Lord Gray: My Lords, I thank everyone who has taken part in discussions on the Bill. I thank my noble kinsman the Minister for his kind remarks.

I was pleased that the noble Earl, Lord Mar and Kellie, nodded in the direction of British Rail, which has contributed to the promotion of the Gaelic language with its renaming. He seemed to suggest that we might soon discuss a Bill to allow councils to have Pictish, Doric or

3 Feb 1997 : Column 1524

even perhaps Norse names. Nonetheless, despite those slight worries, it was pleasant to have a welcome from the Liberal Benches.

I am glad that the noble Lord, Lord Macaulay of Bragar, did not criticise my Gaelic pronunciation. I was a little disappointed that he suggested that any of us spoke in this Chamber except in serious vein. It was inevitable that we should have a laugh with one another about whether our Gaelic was from Argyll, Western Isles, Inverness or Clackmannan. His question concerning the 1973 Act has been answered by my noble kinsman the Minister. However, without referring to any authority, I am fairly certain that, unless provided otherwise, in terms of legislation passed in this Parliament a name would have to be in English unless the contrary were stated. I do not think that there is a problem but I shall consider the matter and be ready for any argument that may come forward. I doubt that a Committee stage matter arises on that point.

The noble Lord commented about expense. I do not think that we need to worry too much. As my noble kinsman the Minister pointed out, and the noble Lord, Lord Macaulay, acknowledged, bilingual names are in place at present. The substantial point as regards the Bill is that in future in deeds, official documents, and so on, a council which chooses a Gaelic name will be able to use that name. At present in such official context, the body is restricted to the English name. The Highland Council and Western Isles areas have logos which combine the two names.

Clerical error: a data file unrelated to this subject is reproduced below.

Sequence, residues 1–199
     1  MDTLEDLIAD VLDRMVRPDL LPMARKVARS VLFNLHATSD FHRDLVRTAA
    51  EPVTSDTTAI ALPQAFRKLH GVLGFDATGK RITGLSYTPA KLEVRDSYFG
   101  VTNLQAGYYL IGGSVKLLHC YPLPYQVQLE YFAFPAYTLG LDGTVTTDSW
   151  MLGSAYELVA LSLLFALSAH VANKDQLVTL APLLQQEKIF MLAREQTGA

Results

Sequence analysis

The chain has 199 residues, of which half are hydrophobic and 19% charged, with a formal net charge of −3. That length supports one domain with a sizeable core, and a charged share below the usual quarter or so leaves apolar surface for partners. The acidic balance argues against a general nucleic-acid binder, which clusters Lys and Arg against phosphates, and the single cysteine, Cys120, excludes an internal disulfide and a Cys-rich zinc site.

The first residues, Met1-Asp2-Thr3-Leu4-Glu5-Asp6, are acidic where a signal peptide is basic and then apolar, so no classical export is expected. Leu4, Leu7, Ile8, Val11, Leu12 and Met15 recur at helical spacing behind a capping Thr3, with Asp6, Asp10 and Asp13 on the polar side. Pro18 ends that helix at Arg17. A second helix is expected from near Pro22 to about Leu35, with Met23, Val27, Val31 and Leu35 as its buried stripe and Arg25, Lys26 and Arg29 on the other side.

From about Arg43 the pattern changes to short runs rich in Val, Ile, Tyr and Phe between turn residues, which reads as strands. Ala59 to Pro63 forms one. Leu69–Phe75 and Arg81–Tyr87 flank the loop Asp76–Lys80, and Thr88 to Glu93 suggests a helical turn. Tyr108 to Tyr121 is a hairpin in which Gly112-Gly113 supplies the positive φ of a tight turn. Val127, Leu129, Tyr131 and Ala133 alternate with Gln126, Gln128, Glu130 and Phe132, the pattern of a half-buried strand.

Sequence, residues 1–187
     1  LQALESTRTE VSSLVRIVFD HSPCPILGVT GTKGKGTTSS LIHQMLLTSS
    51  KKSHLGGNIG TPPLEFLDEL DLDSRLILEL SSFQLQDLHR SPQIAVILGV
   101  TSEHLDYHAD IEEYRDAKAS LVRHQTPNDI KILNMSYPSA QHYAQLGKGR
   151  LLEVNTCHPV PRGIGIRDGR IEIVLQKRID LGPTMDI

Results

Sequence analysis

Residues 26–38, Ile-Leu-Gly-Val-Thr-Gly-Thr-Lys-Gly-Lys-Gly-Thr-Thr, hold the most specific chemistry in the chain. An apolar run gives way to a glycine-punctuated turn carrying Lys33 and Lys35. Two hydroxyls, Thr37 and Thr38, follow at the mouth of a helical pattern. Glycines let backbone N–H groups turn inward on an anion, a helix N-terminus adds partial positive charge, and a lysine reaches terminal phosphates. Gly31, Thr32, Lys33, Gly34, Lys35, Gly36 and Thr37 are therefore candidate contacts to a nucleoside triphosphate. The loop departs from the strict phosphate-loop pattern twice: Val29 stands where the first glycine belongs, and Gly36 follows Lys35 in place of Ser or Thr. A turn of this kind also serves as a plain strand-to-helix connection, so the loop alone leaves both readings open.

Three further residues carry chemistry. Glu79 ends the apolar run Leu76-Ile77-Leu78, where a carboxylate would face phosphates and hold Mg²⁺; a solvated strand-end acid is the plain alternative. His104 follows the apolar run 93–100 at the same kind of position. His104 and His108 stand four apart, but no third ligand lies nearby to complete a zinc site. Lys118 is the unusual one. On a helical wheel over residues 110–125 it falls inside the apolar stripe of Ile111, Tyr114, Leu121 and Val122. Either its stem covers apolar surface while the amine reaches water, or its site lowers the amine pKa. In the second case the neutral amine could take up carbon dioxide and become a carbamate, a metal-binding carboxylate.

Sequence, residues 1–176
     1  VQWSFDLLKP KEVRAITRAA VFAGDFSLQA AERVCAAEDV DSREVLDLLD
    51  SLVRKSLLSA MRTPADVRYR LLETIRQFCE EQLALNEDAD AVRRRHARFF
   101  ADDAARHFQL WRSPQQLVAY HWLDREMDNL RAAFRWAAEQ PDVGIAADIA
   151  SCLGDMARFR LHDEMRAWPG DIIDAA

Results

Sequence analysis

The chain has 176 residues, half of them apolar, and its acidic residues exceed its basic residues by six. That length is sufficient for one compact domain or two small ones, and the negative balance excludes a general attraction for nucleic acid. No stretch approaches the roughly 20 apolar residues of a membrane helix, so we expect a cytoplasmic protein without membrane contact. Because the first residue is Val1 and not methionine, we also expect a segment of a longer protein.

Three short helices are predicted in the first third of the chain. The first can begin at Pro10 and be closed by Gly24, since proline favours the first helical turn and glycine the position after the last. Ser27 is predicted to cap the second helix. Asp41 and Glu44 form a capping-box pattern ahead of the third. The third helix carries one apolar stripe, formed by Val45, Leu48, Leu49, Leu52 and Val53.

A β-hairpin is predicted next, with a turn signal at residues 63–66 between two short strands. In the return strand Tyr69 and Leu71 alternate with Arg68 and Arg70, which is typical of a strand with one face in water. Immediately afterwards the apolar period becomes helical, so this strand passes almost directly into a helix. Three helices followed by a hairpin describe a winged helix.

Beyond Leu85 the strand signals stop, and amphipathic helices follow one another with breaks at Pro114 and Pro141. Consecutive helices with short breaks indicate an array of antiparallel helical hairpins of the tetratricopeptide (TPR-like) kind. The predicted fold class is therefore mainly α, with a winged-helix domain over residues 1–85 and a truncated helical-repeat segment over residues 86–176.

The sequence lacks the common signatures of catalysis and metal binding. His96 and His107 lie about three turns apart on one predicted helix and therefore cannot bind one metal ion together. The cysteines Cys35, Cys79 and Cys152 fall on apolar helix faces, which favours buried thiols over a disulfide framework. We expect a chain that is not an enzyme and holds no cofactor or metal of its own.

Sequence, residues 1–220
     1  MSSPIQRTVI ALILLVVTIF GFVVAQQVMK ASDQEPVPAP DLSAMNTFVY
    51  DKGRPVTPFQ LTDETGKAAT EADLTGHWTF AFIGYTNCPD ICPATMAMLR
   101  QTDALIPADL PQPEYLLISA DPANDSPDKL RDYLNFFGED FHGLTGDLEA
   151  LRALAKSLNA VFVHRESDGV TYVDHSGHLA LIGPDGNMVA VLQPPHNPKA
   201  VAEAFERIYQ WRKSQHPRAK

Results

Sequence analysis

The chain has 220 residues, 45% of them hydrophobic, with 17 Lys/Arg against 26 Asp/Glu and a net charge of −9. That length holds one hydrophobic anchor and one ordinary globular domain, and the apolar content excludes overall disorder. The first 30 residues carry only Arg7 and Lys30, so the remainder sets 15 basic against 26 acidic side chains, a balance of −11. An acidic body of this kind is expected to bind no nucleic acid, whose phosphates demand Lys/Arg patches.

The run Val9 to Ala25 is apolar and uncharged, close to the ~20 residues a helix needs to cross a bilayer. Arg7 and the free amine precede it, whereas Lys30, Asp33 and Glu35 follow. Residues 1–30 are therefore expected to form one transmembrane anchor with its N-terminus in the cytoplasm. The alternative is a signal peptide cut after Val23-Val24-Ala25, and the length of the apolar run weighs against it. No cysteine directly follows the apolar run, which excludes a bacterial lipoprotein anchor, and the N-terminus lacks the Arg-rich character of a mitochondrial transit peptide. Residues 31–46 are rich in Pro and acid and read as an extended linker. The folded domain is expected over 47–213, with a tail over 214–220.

I do not think that I can usefully say more beyond endorsing a general welcome for the encouragement of Gaelic and the contribution that Her Majesty's Government are making towards that. I note that in the Highland Council area and Argyll and Bute slightly more children in percentage terms between the ages of three and 14 speak Gaelic than in the next age group. That is encouraging.

A Dhaoin-vaisle, I translate that--"my Lords"--since the Companion to the Standing Orders requires me not to address your Lordships in Gaelic, I again commend the Bill to your Lordships' House and trust that it will be given a Second Reading.

Lord Macaulay of Bragar: My Lords, before the noble Lord sits down, perhaps I may make clear that I was in no way being critical of the promoters of the Bill, the noble Lord, Lord Gray, the noble Earl, Lord Mar and Kellie, nor the Government. I regard the Bill as an important step in strengthening the status of Gaelic in Scotland. I am sorry if the noble Lord perhaps misheard or misinterpreted what I said. I look forward to further Bills making the language even stronger.

On Question, Bill read a second time, and committed to a Committee of the Whole House.

        House adjourned at fourteen minutes before nine o'clock.